Richard Sackler is the only known member of the powerful opioid family (previously) to have been deposed; the 2015 deposition was published last week by Propublica and it reveals Sackler's bizarre rationalizations for his family company's deliberate creation of the opioid epidemic.
Sackler talks like the kind of powerful man who gets to say whatever bullshit comes into his mind while everyone around him nods their heads and praises him for his wisdom (see also: D. Trump).
For example, when asked why he sent an email expressing seeming delight at the dismayed warning by Oxycontin inventor Robert Kaiko that the company's sales plan would lead to widespread adoption, Sackler said that he was only being polite, and that really, he planned on abandoning the plan (he didn't abandon the plan).
Then there's a long section where Sackler discusses what was meant by internal company documents that detailed plans to encourage doctors to view Oxycontin as "weaker" than morphine (Oxycontin is twice as powerful as morphine), but he was using "weaker" to mean "less threatening" rather than more potent.
As Ars Technica's Beth Mole points out, this is all laughable bullshit — the only thing remarkable about it is that Sackler said it with a straight face.
In 1997, Richard was involved in discussion with employees of a Sackler-owned company in Germany over whether they could get regulatory authorities there to let them sell OxyContin as an uncontrolled drug. Though OxyContin developer Robert Kaiko warned that this was a terrible idea, Richard seemed supportive of the idea, asking in a subsequent message: "How substantially would it improve your sales?" But in his deposition, Richard insisted he was never a fan of the idea, arguing, "we were not in favor of this, but we were trying to be polite and solicitous rather than saying, this is a terrible idea, forget it, don't do it."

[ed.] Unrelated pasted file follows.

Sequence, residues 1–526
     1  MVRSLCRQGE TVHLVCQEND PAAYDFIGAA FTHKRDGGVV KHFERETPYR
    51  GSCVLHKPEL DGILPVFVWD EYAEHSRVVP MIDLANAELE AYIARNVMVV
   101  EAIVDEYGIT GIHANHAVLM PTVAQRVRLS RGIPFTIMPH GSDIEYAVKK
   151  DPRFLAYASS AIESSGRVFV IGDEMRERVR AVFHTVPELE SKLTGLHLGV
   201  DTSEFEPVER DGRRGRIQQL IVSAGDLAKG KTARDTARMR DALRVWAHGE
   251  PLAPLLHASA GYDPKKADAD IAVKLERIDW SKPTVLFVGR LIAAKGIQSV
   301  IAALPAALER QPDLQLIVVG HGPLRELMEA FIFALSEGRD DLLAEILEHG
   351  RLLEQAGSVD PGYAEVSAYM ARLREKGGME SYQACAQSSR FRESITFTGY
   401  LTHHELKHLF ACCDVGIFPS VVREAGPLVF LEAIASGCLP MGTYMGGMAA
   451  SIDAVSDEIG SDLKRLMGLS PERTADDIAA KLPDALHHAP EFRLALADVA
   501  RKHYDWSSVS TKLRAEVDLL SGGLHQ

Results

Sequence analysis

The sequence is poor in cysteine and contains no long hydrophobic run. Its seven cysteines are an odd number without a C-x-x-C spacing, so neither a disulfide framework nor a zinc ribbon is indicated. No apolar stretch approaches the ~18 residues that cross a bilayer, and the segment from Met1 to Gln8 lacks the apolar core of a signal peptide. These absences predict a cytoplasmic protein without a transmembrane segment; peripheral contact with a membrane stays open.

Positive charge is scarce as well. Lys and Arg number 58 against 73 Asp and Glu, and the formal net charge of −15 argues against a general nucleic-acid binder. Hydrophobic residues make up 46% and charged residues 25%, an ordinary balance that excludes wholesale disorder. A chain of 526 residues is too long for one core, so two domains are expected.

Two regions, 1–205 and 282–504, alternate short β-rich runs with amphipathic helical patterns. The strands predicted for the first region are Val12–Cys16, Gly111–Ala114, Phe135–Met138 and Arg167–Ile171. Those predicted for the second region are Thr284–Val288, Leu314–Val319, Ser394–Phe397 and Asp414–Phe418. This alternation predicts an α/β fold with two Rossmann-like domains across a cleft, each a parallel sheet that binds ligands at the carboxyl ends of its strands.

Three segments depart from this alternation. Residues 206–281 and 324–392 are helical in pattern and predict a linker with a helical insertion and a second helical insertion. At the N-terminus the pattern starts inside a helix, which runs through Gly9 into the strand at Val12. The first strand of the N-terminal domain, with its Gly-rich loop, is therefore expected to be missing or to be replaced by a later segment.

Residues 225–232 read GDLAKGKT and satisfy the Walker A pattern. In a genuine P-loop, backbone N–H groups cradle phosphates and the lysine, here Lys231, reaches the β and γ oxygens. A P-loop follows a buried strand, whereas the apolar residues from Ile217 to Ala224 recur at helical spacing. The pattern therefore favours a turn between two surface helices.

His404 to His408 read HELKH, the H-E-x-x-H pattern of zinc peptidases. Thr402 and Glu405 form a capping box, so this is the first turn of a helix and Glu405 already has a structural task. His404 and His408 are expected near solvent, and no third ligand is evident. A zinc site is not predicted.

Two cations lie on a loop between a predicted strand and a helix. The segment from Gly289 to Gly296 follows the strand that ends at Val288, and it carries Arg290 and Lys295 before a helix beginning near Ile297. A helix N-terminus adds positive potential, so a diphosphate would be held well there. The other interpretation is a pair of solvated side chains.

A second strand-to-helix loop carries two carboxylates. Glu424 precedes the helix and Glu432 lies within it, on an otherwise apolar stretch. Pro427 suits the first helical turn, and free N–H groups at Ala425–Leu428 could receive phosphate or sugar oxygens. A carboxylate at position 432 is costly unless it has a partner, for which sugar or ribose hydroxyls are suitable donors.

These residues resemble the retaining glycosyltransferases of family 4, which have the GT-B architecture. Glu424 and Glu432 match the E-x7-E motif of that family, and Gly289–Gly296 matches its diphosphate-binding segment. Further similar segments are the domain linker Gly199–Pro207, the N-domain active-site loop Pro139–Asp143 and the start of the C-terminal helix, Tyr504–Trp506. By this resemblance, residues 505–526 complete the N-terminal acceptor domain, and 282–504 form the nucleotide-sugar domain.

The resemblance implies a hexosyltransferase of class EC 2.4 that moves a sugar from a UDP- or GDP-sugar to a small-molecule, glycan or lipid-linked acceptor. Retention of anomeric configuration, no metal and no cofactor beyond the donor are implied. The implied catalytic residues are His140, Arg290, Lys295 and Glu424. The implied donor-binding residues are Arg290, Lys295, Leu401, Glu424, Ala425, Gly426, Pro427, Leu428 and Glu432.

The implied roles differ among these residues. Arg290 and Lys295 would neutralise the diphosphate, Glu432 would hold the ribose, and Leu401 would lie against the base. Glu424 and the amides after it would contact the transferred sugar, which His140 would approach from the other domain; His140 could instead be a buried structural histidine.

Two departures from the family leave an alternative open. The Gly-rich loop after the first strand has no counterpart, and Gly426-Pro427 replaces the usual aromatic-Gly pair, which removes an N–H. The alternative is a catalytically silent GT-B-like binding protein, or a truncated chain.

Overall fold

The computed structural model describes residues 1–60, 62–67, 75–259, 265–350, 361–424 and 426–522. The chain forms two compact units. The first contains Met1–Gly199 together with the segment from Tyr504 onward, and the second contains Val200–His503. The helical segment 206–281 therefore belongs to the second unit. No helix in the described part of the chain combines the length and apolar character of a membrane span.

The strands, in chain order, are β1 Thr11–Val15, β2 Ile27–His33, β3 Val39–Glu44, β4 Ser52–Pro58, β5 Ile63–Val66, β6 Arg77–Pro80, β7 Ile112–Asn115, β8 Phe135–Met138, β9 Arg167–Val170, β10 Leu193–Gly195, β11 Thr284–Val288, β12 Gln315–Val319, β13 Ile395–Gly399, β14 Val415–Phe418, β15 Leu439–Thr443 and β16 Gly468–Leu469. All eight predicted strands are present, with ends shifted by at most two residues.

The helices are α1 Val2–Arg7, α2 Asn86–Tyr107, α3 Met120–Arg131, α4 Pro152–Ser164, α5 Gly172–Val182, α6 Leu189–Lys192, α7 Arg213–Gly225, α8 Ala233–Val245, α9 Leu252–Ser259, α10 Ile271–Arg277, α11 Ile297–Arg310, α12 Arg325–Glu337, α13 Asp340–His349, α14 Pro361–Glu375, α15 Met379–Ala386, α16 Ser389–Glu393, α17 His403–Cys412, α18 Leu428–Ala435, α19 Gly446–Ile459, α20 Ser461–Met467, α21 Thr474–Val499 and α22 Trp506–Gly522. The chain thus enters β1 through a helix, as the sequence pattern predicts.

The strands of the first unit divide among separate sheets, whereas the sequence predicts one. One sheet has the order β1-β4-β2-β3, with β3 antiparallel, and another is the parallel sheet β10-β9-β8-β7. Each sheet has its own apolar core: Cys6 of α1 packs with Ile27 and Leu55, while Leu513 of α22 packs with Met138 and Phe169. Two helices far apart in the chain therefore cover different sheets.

When the idea ultimately failed, Richard sent a message to an employee in Germany saying, "When we are next together we should talk about how this idea was raised and why it failed to be realized. I thought that it was a good idea if it could be done."
In the deposition, Richard explained this by saying, "That's what [my response] said, but I didn't mean it. I just wanted to be encouraging."
Sackler behind OxyContin fraud offered twisted, mind-boggling defense [Beth Mole/Ars Technica]
(via Naked Capitalism)
(Image: Dean, CC-BY)